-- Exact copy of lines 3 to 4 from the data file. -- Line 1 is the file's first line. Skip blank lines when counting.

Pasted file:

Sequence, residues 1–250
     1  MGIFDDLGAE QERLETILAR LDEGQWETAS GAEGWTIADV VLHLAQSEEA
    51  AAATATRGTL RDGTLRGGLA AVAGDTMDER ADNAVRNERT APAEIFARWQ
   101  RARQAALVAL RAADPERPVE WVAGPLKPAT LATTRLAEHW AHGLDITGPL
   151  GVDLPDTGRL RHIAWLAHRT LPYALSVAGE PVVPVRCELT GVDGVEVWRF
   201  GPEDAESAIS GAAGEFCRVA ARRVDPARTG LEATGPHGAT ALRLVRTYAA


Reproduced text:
    51  AAATATRGTL RDGTLRGGLA AVAGDTMDER ADNAVRNERT APAEIFARWQ
   101  RARQAALVAL RAADPERPVE WVAGPLKPAT LATTRLAEHW AHGLDITGPL